Could retail do more to make it more appealing as a place to work and grow? Of course. But then again so could the financial sector, manufacturing industries and mining businesses of the world.

Retail is getting better and better. We all just need to keep getting the word out.

Bob Phibbs
Guest
11 years 10 months ago

For a certain skill set, retail is the only way out. No wonder retail jobs are still seen as Ted Bundy with Married With Children as a loser. The larger retailers–Wal-Mart included–have continued to hire the lowest common denominator which makes the entire industry look upon poorly.

Could bigger players do a better job at promoting retail? Absolutely. You know how? Hire the best to interface with the customer, not those who will endure and project their suffering on the rest of us.

Gene Hoffman
Guest
Gene Hoffman
11 years 10 months ago

Journalism, food manufacturing, consulting and food retailing–they have all been part of my career’s passing parade. The best part of those diverse activities was being able to mingle daily with America’s ever-changing pattern of human beings, a “value” offer mainly through retailing.

Retail is a vital, interesting–albeit a bit maligned–industry. It, just like American manufacturing, needs to promote its “involvement value,” its human quality and its meaning. Hopefully we shall see retailing find its way into the hearts of financial America and have the value of its workforce become more magnetic and more in demand.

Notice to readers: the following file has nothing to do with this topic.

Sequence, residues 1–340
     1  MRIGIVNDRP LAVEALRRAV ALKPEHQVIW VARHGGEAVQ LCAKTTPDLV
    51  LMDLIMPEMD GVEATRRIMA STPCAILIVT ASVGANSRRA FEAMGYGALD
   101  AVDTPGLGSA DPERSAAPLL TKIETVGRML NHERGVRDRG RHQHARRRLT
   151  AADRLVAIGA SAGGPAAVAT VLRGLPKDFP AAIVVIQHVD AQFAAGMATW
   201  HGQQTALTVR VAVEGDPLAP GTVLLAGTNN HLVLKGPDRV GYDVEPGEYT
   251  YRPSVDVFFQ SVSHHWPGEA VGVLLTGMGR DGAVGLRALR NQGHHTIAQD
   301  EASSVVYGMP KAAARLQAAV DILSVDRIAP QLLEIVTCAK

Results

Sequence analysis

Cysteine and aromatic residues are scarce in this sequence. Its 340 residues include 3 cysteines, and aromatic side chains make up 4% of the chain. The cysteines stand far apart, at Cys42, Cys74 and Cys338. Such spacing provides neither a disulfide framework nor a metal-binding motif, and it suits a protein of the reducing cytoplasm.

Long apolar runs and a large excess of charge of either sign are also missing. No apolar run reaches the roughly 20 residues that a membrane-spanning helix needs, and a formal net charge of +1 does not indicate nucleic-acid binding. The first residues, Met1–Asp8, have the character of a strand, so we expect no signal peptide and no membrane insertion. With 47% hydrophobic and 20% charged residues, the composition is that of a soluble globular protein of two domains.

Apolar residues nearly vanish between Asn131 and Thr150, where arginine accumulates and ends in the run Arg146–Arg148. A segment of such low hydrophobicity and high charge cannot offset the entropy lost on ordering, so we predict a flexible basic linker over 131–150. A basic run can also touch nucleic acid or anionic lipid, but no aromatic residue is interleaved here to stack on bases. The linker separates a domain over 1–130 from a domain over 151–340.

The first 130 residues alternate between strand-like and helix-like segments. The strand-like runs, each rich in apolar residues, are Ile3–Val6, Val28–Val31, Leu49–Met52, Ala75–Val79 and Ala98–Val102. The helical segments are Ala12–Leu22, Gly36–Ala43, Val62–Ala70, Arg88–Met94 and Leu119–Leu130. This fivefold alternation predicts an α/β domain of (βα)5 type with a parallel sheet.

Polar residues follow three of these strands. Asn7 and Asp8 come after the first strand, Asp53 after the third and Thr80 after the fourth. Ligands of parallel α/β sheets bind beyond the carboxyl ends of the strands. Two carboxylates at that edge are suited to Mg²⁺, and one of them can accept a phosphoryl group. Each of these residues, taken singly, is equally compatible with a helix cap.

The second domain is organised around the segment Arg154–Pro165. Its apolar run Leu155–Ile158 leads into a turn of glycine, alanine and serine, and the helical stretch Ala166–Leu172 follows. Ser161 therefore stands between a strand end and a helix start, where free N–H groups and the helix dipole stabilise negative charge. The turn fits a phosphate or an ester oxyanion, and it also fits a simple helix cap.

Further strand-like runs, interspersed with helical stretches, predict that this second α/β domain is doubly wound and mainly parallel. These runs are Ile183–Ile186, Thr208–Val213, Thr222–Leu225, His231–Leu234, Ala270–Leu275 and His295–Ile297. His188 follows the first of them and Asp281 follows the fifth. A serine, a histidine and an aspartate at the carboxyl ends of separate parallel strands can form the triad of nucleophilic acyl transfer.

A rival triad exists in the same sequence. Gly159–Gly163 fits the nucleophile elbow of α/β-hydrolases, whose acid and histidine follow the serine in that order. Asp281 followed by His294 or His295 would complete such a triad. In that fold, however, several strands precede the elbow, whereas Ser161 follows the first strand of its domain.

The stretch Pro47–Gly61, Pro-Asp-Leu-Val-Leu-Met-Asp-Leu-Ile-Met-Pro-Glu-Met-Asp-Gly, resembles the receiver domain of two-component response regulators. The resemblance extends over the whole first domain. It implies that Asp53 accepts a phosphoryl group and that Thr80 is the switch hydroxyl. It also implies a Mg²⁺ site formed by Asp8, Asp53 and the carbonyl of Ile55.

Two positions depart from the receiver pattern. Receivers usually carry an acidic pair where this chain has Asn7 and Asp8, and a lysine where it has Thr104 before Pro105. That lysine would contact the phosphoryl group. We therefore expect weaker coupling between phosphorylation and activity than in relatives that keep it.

Susan Rider
Guest
Susan Rider
11 years 10 months ago
There’s a difference between a job and a career. I believe Mr. Scott is talking about careers. Hourly people that are just taking a 9-5 job to get by is not the topic but anyone who has ever managed a workforce of this type knows the headaches. Yes, Wal-mart was plagued with claims and other negative media for the hourlys; managing a workforce of hourlys of this size is no small undertaking. Retail careers on a whole have not been promoted. One of the areas Wal-Mart has done well has been developing their people. Lee himself started in warehousing and logistics, along with Mike Duke, Rolin Ford and many others. Moving leaders through every aspect of your business is important, so when the time comes for them to step up they have a well-rounded knowledge and can be more effective. Developing programs in Universities and Colleges to diversify the retail offerings and supplement with all areas affecting retail will have more talent graduating with interest in retail and this would be good for all.
Doron Levy
Guest
Doron Levy
11 years 10 months ago